So, I'll take this in two sections, first off the longer explanation. The Red Wings have lost a lot of talent in ten years. Robitaille, Hull, Yzerman, Hasek, Shanahan, Osgood, Lidstrom, Chelios, Rafalski, Hossa, Stuart. These are the big names I see thrown around all the time. A lot of people fail to remember, most of these players left soon after the salary cap was introduced. We've won five division titles, two conference titles, one Stanley Cup, and two Presidents Trophies since then. Not too mention we went to the Conference Finals three years straight. Now, you could argue the vast majority of these trophies and accolades are from 4+ years ago. While thats true, we've kept a stable average goals for about 250 with a goals against average around 215 since the lockout. We've basically stayed the same as a team with how we perform.
Players like Henrik Zetterberg, Pavel Datsyuk, Jiri Hudler, Todd Bertuzzi, Tomas Holmstrom, and Johan Franzen have continuously played large roles in replacing the former greats like Hull, Shanahan, Hossa, and Yzerman. Even this season, our scoring prowess is doing just fine with the additions of Alfredsson and Weiss from UFA and AHL superstars Tomas Tatar and Gustav Nyquist (they'll be in sooner than later this season from what I'm hearing from Babcock). Our offense is doing alright to say the least. We've never been a high scoring team. We're a puck possession team.
Our defensive side has taken a bit of a hit. In the last ten years, we've lost a quality group of defensemen with Chris Chelios, Nick Lidstrom, and Brian Rafalski retiring on top of Matheiu Schneider and Brad Stuart leaving the team. People like Niklas Kronwall and Jonathon Ericsson have stepped up to the plate to try and fill those voids and have done so, for the most part. With recent improvements to bottom four players like Jakob Kindl and Kyle Quincey, and the addition of a future superstar in Danny DeKeyser, we're holding on better than a lot of teams who lose so much in defense. For example, Chris Pronger's loss on the Flyers roster has become a sink hole on that team. Same with Foote's retirement on the Avalanche.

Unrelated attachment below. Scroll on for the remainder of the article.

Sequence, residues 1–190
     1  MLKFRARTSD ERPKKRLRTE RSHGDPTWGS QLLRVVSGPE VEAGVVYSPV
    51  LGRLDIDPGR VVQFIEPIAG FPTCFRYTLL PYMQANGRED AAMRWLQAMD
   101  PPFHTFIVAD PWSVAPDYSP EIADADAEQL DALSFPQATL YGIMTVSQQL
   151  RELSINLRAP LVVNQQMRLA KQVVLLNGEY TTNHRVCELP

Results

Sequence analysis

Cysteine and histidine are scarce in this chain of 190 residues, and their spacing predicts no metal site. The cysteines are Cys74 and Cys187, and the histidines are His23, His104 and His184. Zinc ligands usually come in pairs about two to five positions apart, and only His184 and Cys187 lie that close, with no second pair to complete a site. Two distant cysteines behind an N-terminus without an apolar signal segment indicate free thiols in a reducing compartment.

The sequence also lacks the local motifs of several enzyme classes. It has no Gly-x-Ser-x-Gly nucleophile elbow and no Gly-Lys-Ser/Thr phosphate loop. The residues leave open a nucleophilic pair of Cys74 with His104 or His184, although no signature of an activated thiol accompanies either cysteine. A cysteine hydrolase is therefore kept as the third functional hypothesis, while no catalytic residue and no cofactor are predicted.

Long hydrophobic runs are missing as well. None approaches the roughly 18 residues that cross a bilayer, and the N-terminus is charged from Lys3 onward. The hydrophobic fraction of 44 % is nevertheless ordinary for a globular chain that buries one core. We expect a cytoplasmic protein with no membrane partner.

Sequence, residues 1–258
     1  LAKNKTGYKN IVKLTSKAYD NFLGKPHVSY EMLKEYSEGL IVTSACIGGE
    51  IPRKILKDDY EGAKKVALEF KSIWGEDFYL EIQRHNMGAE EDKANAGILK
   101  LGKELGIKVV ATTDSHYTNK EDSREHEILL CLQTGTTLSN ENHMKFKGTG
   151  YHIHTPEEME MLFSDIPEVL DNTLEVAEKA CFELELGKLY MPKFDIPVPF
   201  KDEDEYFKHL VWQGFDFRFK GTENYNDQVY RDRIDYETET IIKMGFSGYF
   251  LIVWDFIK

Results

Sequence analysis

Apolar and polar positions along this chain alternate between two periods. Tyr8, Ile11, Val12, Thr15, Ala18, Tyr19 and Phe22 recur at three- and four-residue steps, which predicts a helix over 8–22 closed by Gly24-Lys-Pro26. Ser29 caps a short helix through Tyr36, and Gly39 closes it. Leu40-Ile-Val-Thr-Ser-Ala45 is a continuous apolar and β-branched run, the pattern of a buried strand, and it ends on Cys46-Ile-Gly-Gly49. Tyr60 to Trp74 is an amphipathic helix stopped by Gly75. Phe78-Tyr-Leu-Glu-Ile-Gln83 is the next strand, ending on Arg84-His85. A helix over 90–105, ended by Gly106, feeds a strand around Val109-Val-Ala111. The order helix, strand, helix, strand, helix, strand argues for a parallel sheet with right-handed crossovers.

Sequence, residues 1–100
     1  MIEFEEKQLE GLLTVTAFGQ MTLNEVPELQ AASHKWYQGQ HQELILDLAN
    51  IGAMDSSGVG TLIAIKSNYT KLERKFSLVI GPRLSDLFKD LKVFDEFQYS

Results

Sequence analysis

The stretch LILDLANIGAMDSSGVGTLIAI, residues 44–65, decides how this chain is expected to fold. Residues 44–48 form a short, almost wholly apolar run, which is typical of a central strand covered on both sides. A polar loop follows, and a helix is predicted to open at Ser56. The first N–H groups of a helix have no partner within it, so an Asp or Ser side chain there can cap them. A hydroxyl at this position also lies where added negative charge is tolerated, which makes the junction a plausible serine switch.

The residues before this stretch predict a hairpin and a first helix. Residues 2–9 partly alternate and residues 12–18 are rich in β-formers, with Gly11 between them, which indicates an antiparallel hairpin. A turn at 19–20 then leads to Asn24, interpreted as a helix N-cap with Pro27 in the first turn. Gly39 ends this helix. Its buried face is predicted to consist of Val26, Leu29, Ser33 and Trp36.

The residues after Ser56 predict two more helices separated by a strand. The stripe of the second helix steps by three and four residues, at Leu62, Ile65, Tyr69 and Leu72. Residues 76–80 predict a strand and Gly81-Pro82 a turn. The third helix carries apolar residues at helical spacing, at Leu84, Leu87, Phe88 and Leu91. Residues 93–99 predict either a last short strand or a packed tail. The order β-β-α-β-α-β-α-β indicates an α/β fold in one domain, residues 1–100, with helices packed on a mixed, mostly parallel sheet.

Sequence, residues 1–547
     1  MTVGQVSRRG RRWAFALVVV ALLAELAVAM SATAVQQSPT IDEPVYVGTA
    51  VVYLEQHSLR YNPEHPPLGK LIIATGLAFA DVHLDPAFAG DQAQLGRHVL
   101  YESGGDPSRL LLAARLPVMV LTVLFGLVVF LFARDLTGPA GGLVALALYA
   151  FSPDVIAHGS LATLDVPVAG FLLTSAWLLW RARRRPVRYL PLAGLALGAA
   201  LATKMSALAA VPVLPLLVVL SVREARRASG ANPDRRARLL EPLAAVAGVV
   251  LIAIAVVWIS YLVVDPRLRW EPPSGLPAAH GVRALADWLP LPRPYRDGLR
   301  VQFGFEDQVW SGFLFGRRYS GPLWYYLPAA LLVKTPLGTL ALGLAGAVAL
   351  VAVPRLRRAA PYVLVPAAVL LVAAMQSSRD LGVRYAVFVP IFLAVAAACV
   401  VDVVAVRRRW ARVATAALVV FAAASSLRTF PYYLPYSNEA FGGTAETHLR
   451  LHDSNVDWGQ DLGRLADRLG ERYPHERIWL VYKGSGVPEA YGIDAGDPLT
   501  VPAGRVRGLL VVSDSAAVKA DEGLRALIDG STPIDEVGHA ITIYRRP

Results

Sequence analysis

Our goaltending is actually better than it has been since pre-lockout, in my humble opinion. Hasek was a great goalie, but post-lockout, he was plagued by age, injuries, and skill decline. Chris Osgood played great in his place, but he had a tendency to let in rather soft goals. Back ups like Ty Conklin and Joey McDonald made it hard to really have strength on the bench for our starter's off nights. With the emergence of Jimmy Howard, we have ourselves a top-10 goalie who is good-great in every area of what it takes to be a goaltender. He may not be a Rask or Quick, but he's far and above able to hold up a team when they have an off night. Our current back up situation is looking good too with the Monster, Jonas Gustavsson, playing like an all star to start this season. If he can stay healthy and play with his heart (no pun intended), we have a great starter/backup this season.
On to the second part of this issue: playoffs.